Going on a trip is always something special. But there are various adjustment screws to operate when it comes to the way you travel and to the type of accommodation you choose.
Find out what types of accommodation are the most individual, and what you shouldn’t miss out on when planning your next trip.
Rental apartments or holiday houses are great.
The best part about holiday rentals is that they exist all over the world – even in places with little tourism, and even more so in places with a lot of tourism.
Majorca is a good example of that: During the main season, it’s nearly impossible to have relaxing holidays. Instead, there are queues at the buffet meal and wild activity programs in the pool.
People who don’t attach importance to these things, are usually a lot better off in private accommodation like a rental apartment or a holiday cottage.
This search engine for holiday rentals offers a huge selection of accommodations not only in Majorca but anywhere in the world – be it New York, Bali, or even Manchester itself.
A holiday rental may not be for you if you attach importance to vibrant holiday resorts with a lot of people and with a lot of parties.
Things like activity programs and full board or even all-inclusive you won’t find in an apartment – if you didn’t book a luxury estate with staff to take care of your every need.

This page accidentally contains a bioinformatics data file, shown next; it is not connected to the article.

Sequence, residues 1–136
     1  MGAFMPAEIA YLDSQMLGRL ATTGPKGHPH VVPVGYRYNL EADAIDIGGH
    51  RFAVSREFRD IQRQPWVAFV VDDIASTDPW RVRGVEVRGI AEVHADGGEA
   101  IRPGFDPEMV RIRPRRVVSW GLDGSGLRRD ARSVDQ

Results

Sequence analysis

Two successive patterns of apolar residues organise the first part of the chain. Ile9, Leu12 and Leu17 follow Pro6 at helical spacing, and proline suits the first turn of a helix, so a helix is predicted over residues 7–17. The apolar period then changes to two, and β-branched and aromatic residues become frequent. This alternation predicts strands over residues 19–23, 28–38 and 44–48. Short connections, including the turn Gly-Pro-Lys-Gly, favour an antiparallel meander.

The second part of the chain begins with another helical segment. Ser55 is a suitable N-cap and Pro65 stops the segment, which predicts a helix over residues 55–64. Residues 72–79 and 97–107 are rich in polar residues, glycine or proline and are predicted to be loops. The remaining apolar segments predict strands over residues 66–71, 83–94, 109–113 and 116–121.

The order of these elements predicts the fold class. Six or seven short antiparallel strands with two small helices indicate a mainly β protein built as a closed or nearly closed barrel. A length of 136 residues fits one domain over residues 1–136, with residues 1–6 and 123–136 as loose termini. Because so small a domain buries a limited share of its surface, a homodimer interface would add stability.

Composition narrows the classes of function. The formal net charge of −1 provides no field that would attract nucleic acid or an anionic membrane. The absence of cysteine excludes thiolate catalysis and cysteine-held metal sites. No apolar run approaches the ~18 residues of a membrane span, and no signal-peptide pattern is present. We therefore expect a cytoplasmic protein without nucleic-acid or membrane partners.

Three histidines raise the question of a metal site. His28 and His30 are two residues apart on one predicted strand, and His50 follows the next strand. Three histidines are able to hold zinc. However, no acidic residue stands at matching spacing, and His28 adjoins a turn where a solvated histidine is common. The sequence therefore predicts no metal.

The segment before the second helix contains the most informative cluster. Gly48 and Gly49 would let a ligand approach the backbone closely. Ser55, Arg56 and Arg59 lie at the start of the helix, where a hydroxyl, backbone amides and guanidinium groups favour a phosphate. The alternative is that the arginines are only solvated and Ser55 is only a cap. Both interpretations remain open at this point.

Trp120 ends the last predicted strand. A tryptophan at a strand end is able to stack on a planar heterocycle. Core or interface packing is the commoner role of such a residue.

But rentals are the perfect accommodation for those who prefer to mingle with the locals.
Being the temporary head of the household is totally different from merely being a guest in a big resort.
As holiday rentals can be found in every town and country you choose to visit, there’s also a huge selection.
If you want to stay close to the beach, you’ll find an apartment there.
Finca in the backcountry? Sure. Private house at a lake? Of course. Rental accommodations work especially great for slow travellers.
Camping is possibly the least expensive option for holidaymakers.
While many people instantly think of tents, modern sleeping bags, and bonfires when they read or hear about camping, others know that there are also other aspects to camping.
You don’t need to be a very outdoorsy person. In fact, the new camping trend is called glamping – a mixture of glamour and camping.
When going glamping, you stay in accommodations like trailers, vans, mobile homes, cottages, or bungalows – usually situated on a campsite.
Some countries allow wild camping, but you should always make sure to be informed about the regional legal stipulations to avoid getting fined.
Camping in a tent can be challenging. If it’s raining for a few days, chances are high that the entire tent becomes soaking wet.
Also, there’s not a lot to do in a tent if the weather keeps you from spending time outside.
Campers are typically self-caterers. That and the fact that they bring their own equipment results in them travelling with a lot of luggage.
Yet, there’s no other type of accommodation where you can connect better with nature.
Even if you prefer glamping, you’ll spend a lot of time outdoors.
But there’s another big advantage: Campsites are usually situated in the most scenic landscapes: right by a lake, in the middle of a national park, at the riverside, by the sea, or on a hill overlooking the area.
Mass tourism in big holiday resorts can be a great option for young party travellers or families.
But those who want to explore their destination should prefer individual accommodations, as they leave more room for getting in touch with nature and with locals.